I was sick of hearing insignificant politicians and academics blame social workers and their training …. hello please wake up they repeatedly redesign – tinker – and come up with new five year plans and blame just like Chairman Mao blame the Social Workers for the failings. If there was any honour and integrity left it is the politicians and academics who would fall on their swords

    Was the training at fault – well I admit of course there was room for improvement however I would like to voice the views of most of my colleagues

    1. Stop trying to turn an Art into a quantifiable Science Social Work in an Art
    2. Give us the resources to use the training we already have in abundance most of which is learned at the coal face not in a classroom
    3. Give us the time to develop relationships with clients not spend out time flying a computer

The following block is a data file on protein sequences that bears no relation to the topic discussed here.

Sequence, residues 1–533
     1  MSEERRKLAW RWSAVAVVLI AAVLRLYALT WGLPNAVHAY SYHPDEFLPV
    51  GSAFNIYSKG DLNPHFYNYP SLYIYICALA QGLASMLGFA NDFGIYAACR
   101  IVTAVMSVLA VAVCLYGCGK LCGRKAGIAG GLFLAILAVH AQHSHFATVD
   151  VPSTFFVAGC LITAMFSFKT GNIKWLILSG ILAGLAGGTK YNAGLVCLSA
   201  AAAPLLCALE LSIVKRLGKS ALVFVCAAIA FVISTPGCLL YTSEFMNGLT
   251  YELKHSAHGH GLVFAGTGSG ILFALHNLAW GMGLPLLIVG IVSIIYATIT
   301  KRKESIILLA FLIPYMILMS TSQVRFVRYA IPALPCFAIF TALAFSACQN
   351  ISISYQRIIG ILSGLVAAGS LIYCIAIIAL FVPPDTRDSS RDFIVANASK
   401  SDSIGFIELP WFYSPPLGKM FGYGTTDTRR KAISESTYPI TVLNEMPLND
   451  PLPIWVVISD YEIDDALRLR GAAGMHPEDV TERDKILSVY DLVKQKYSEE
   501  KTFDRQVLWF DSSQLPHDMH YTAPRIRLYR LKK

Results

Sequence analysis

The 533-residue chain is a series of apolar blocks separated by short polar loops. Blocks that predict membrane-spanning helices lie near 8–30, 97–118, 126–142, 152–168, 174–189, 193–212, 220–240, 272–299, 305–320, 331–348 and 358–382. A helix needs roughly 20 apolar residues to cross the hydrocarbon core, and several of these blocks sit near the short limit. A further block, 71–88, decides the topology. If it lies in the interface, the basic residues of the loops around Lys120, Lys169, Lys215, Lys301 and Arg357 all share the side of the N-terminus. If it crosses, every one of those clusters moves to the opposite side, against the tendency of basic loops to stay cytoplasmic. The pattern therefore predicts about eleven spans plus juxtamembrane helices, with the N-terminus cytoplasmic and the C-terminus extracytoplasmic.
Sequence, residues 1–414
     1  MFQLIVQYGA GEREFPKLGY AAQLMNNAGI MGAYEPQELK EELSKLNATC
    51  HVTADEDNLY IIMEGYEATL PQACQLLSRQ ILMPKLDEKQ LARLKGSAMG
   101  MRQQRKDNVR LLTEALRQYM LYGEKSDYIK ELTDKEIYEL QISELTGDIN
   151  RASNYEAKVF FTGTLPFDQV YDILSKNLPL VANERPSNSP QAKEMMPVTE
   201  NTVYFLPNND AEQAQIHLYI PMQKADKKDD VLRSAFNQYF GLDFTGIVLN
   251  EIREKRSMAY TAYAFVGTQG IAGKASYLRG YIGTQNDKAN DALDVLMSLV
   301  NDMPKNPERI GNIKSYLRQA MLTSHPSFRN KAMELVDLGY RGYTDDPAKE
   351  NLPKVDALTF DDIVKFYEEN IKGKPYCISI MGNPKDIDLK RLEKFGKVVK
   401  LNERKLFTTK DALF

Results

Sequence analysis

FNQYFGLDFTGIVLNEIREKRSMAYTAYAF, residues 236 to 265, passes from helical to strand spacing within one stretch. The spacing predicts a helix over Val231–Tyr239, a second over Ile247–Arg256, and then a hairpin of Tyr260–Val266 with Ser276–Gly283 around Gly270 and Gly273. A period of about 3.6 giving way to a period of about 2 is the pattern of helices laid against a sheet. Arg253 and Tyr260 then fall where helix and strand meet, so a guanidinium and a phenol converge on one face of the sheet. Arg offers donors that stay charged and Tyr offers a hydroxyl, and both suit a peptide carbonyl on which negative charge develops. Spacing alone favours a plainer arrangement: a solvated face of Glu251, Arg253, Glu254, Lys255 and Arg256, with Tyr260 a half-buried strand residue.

4. let us and out management go back to child focussed work as opposed to Ofsted focussed social work ‘Haringey demonstrated they are a joke – manipulating figures to suit political agendas’
    5. Cease the blame culture driven by the fear of Ofsted – although I feel sorry for the inspectors their world always has the smell of new paint and a carpet fibres (much like the queen)
    6. I was previously a Carpenter and learned my craft under the guidance of an experienced mentor and thankfully came into the SW profession and was assigned to a PCM and for the next few years learned my craft under her guidance just like an apprenticeship it was a wonderful experience – time effort and energy was expended on my development. Sadly despite the rhetoric that is no longer the case the newbies have to spend their time in process led target driven supervision and of course the writing up of development files for another inspector to read some day